Constructed after the tested model of postmodernist (pseudo)novel, Heart of the Earth wears a mask of a non-literary genre – structural elements of a scientific study: forewords (of an anonymous writers, a manuscript finder and a translator), chapters each of which is dealing with a certain ‘aspect of the problem’ (from a general overview of the mystery of Nietzsche’s biography’ to the individual discussions of the philosopher’s attitude towards God, Wagner, women, followers), numerous contributions (unpublished fragments, letters, a posthumous interview) and an afterword. Historical figures are stripped of everything but their names; everything else is fantasy serving the purpose of an allegoric interpretation of the 20th century.
About the book of stories Phantom Pain
All the stories are written as a Rableaisian alternative history and make up a seductive mixture of fiction, mystification, esotericism and historical factography where all seems to be an illusion, possible and allowed. Like film disclaimers ‘any similarity to real people is coincidental’ or, to translate it to the language of literature: mimesis as a prose discourse is Basara’s number 1 enemy, so in this collection everything is subjected to doubt, irony, relativism, trickery. Numerous paradoxes, alogisms and mystifications influence the literary creation of a parallel reality where strictly controlled fantasy intersects with the bizarre phenomena of this world in a punning way. Humour arising from this is a humour of absurd which, although without a comical effect, in its essence functions on the ethical level, defying and relativising authorities, ideologies, submissiveness, scientific seriousness or theoretical rigidness.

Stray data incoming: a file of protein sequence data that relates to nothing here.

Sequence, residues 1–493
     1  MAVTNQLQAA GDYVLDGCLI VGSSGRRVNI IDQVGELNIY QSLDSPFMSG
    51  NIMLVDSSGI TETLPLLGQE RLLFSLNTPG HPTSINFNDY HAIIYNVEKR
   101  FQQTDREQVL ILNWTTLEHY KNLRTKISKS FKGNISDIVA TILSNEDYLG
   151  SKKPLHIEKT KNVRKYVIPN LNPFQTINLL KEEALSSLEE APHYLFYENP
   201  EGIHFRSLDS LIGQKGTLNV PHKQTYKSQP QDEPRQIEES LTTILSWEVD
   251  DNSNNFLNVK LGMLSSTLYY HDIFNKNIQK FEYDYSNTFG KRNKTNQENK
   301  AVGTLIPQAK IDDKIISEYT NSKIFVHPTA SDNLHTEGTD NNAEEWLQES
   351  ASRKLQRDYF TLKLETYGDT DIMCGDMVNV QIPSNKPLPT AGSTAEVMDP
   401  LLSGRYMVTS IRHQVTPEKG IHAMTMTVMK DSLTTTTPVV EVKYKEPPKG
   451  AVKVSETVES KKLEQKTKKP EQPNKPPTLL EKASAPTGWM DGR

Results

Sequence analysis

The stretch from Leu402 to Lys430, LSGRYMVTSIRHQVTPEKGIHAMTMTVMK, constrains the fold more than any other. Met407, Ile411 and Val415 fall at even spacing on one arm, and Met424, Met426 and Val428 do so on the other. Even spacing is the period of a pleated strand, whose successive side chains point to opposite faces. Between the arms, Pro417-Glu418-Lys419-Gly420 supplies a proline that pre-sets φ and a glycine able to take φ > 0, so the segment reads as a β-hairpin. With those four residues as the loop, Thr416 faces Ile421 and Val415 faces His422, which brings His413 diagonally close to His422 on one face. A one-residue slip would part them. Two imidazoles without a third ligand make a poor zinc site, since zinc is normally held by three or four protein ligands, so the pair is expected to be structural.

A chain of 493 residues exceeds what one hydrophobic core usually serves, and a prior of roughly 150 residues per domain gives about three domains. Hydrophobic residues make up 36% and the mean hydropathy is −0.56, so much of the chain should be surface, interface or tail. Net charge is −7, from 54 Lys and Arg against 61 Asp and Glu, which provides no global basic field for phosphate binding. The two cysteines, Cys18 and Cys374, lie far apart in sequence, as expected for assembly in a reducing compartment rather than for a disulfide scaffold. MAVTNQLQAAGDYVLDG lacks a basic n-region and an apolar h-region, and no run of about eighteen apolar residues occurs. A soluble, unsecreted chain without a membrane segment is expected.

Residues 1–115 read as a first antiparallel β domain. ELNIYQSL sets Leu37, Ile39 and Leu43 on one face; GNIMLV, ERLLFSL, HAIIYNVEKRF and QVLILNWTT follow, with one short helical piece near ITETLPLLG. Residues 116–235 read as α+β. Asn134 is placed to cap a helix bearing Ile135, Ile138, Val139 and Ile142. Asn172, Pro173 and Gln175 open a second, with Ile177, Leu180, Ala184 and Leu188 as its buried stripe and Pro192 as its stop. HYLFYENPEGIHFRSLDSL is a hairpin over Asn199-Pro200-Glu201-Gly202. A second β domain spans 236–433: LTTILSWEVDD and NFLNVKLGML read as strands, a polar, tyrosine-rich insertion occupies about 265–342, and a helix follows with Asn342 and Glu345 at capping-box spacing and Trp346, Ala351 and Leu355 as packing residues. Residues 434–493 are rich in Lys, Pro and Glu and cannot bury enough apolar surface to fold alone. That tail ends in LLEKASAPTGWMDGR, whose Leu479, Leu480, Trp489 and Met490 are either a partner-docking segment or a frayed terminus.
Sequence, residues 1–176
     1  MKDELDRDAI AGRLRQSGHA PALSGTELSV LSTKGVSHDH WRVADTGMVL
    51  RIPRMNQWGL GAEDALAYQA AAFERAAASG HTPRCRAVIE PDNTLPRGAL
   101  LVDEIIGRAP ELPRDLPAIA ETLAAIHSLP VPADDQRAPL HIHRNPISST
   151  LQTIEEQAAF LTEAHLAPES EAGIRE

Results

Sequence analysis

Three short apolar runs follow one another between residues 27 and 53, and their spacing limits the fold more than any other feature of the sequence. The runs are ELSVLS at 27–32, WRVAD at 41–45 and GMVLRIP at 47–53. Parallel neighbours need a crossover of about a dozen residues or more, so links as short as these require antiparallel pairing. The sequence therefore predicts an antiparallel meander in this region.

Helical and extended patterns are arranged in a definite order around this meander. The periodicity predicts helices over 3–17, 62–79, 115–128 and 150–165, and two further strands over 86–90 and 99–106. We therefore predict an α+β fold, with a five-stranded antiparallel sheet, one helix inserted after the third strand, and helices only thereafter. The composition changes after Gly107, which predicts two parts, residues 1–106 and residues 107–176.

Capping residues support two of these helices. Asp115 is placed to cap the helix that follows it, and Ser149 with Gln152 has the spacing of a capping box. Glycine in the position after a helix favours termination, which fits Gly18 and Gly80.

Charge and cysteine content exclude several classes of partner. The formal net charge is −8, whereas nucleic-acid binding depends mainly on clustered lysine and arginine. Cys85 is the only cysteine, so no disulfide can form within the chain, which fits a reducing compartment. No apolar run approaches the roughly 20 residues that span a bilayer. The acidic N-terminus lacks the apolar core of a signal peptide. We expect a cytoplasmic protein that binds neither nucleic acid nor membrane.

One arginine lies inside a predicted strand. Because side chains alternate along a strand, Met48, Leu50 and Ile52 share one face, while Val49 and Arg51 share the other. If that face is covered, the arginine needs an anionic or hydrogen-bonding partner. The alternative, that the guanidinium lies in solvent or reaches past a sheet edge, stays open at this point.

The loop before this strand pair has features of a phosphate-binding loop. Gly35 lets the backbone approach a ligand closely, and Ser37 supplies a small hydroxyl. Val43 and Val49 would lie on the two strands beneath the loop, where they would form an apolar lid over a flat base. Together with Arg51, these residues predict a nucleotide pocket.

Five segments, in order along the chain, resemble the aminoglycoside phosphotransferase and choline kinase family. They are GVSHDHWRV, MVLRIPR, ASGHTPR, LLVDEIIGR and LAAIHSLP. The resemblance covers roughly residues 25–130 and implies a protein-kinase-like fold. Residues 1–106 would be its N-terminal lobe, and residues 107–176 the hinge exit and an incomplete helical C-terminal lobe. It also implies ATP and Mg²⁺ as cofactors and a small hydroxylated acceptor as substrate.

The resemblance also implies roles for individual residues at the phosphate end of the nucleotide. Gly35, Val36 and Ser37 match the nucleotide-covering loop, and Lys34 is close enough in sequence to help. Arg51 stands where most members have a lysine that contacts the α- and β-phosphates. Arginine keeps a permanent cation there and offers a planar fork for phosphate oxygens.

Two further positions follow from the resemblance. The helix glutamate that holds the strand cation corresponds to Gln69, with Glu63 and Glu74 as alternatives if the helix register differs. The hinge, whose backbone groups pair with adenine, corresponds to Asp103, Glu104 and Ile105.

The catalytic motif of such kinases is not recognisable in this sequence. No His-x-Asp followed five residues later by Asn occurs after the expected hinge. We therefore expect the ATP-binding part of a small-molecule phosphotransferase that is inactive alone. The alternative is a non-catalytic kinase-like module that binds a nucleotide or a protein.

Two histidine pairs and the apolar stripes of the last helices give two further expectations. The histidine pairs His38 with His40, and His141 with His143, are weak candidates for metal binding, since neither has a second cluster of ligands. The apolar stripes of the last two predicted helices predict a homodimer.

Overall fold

About the novel The Rise and the Fall of Parkinson’s Disease
The winner of the Award of NIN’s jury of literary critics for 2006, this novel possesses all the features of the talent, craftsmanship and literary maturity of Svetislav Basara: the mastery of composing fragmentary novel structure; refined, sparkling style, especially in the essay-like parts of the text; the eagerness of reflection and wittiness of conceptual twists, with an unsurpassable sense of black humour and absurd…
Not twenty years after The Fuss about Cyclists, Svetislav Basara yielded to the temptation and returned to the place of success! Namely, The Rise and the Fall of Parkinson’s Disease is in many aspects reminiscent of this almost cult accomplishment of the constantly greatest talent of the contemporary Serbian prose in which an entire reading generation recognised, with certain exaltation, the exemplary and funniest fruit of our postmodernism.
About the novel The Diary of Marta Koen
Svetislav Basara is a distinct figure of our literature in all respects, and his prose requires at least a minimally curious reader of broad education who will not give up at fantastic twists, mosaic-like aggregation of stories, at parody, absurd, irony, juxtaposing incompatible personalities and ideas, but who, on the contrary, will enjoy the unusual mixture of humour and lucidity, following it closely without losing their way in the labyrinths of the manuscript. Fortunately, such readers were many even at the time of The Cyclists, which marked a turning point, and their numbers must have been rising since then, unless Basara’s proposition about the lack of any sense in these parts is true.
About the drama New Stradija
In Svetislav Basara’s text, in the acute interpretation brought by the National Theatre ensemble and director Kokan Mladenović, Stradija is a historically bordered, gold-plated frame, satirical horizon of our way of life, an ode to the collected and selected national foolishness and silliness, in the spirit of Erasmus of Rotterdam, and Alfred Jarry. Our own Ubuism!